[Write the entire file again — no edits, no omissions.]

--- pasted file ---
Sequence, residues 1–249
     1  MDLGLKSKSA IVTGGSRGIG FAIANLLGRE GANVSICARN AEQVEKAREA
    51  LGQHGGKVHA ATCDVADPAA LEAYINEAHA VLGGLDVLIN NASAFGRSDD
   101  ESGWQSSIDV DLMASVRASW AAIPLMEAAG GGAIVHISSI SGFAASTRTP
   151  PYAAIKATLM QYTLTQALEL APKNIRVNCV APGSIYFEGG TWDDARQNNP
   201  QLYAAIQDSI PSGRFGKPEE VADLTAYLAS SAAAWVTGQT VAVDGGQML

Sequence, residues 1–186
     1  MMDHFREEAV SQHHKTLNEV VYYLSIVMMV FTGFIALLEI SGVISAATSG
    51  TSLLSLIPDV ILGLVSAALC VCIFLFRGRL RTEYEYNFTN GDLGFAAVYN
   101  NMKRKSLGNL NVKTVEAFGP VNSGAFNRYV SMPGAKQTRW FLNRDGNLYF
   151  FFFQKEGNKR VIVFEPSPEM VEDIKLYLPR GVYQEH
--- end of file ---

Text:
Sequence, residues 1–249
     1  MDLGLKSKSA IVTGGSRGIG FAIANLLGRE GANVSICARN AEQVEKAREA
    51  LGQHGGKVHA ATCDVADPAA LEAYINEAHA VLGGLDVLIN NASAFGRSDD
   101  ESGWQSSIDV DLMASVRASW AAIPLMEAAG GGAIVHISSI SGFAASTRTP
   151  PYAAIKATLM QYTLTQALEL APKNIRVNCV APGSIYFEGG TWDDARQNNP
   201  QLYAAIQDSI PSGRFGKPEE VADLTAYLAS SAAAWVTGQT VAVDGGQML

Sequence, residues 1–186
     1  MMDHFREEAV SQHHKTLNEV VYYLSIVMMV FTGFIALLEI SGVISAATSG
    51  TSLLSLIPDV ILGLVSAALC VCIFLFRGRL RTEYEYNFTN GDLGFAAVYN
   101  NMKRKSLGNL NVKTVEAFGP VNSGAFNRYV SMPGAKQTRW FLNRDGNLYF
   151  FFFQKEGNKR VIVFEPSPEM VEDIKLYLPR GVYQEH